A primary diagnosis of BPPV was made due to the positioning nature of PB's 'wobble' symptoms, the brief latency of these symptoms and the positive Dix-Hallpike test
demonstrating a positional upbeat clockwise torsional nystagmus.
The criterion for a vestibular anomaly is either an abnormal result on the Dix-Hallpike test
or an abnormal result on at least two of the other three tests (rotational chair test, posturography, or ENG/VNG).
The presence of a burst of rotary nystagmus, which is counterclockwise at the right side and clockwise at the left side in the Dix-Hallpike test
and subsides within seconds, indicated a typical posterior semicircular canal BPPV.
Five months following her first visit, a Dix-Hallpike test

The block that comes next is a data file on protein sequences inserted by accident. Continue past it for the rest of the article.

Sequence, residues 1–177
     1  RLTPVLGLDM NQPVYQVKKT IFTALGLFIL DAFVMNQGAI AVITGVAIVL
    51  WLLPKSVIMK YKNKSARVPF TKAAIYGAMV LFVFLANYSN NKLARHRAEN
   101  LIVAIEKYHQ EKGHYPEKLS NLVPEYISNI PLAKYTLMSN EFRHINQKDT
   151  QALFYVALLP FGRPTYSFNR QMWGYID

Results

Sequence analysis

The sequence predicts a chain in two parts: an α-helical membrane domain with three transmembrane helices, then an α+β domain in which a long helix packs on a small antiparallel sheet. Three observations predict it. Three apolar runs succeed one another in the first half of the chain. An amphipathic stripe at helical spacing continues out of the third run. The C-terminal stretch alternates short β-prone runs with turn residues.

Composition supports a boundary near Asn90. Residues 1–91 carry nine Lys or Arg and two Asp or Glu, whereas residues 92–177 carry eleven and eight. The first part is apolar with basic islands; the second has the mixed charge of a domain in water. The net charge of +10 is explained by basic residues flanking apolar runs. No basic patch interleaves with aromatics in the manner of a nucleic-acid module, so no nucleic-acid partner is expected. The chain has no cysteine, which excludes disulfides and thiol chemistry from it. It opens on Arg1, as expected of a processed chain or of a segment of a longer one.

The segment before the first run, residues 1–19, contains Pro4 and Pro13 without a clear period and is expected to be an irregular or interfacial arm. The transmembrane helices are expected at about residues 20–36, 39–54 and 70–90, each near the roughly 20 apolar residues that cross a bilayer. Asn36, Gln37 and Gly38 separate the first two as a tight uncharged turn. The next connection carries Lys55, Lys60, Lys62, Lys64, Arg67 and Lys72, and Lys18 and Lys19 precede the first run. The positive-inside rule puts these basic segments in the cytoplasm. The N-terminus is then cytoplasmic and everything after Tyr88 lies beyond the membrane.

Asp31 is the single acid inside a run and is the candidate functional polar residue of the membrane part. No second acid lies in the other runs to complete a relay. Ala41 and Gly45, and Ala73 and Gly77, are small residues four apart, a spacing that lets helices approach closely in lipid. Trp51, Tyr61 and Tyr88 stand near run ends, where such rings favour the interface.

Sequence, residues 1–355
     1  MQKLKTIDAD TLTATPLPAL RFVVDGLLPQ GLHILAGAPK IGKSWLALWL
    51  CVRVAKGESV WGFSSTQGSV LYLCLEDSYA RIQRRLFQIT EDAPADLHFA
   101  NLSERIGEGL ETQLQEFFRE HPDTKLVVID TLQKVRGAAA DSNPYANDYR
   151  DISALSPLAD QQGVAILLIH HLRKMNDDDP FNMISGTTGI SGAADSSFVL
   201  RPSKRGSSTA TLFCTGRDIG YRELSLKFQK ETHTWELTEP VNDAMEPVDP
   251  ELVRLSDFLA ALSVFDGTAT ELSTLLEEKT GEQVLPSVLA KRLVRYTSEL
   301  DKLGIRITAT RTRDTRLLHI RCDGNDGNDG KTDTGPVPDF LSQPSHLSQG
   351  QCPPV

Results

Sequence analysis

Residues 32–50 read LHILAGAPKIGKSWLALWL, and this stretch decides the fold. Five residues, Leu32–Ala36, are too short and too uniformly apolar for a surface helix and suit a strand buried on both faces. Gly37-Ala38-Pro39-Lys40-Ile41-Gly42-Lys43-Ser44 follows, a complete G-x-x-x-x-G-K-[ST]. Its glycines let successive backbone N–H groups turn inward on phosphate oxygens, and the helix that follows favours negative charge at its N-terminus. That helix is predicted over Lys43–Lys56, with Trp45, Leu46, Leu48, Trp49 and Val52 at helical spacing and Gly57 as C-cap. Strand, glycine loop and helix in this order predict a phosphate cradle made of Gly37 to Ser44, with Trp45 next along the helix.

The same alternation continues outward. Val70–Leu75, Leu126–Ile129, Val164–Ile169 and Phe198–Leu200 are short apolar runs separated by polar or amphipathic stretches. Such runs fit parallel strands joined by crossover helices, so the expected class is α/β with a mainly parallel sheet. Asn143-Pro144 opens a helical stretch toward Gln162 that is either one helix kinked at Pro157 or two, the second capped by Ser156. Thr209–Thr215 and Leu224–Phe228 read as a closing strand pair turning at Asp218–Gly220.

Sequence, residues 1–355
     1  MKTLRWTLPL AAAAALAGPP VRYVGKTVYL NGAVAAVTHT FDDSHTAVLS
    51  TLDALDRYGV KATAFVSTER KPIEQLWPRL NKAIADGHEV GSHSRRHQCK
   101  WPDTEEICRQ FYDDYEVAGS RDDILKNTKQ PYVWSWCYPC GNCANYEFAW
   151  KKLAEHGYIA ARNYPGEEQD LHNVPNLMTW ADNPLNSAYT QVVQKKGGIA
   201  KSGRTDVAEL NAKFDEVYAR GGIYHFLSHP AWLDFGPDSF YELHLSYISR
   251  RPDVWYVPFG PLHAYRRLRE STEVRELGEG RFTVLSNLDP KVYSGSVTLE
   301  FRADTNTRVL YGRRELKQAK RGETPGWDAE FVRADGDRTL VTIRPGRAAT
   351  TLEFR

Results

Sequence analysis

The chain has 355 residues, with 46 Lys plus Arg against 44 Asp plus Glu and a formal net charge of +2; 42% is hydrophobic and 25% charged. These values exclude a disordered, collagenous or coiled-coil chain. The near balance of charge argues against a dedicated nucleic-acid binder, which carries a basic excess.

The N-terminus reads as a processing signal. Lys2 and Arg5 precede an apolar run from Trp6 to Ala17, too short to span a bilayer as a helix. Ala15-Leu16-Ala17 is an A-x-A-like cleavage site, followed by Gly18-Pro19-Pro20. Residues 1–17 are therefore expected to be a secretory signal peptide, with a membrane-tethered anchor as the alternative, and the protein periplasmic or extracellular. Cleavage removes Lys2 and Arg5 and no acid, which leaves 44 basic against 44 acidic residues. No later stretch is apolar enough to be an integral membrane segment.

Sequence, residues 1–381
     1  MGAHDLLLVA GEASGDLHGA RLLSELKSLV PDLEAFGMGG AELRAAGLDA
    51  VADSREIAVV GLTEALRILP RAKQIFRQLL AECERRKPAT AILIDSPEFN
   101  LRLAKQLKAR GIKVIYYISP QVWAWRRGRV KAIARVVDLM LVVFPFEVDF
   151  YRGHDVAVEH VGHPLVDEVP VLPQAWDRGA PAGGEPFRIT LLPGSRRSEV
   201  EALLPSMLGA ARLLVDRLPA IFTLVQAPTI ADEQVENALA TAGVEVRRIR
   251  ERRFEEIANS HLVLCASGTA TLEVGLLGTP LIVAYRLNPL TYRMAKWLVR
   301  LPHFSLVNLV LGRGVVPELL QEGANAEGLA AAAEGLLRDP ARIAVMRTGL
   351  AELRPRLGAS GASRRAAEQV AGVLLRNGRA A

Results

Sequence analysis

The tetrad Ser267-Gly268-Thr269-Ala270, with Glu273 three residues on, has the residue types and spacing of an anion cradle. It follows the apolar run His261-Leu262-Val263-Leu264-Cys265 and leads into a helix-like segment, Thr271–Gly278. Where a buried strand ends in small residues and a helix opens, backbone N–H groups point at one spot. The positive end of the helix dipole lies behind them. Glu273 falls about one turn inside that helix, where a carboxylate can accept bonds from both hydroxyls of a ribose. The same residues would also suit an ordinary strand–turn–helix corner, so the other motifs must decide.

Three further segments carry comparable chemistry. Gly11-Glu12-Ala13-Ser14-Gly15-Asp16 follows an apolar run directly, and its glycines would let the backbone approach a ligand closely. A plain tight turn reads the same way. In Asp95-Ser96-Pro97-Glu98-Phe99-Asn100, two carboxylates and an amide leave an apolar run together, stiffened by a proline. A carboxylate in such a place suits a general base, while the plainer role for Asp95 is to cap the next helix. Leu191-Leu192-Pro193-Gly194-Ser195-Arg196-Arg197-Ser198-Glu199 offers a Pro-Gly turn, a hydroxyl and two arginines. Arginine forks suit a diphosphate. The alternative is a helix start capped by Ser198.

revealed that nystagmus occurred only when her head was down and to the left.
Positional vertigo and nystagmus demonstrated on the Dix-Hallpike test that does not fit the characteristics of BPPV raises the suspicion of other diseases.
However, the results of her positional testing were abnormal, as the Dix-Hallpike test provoked a marked rotary nystagmus bilaterally.
Repeated Dix-Hallpike tests
were positive for left sided posterior semicircular canal BPPV despite multiple particle repositioning procedures over a period of three years.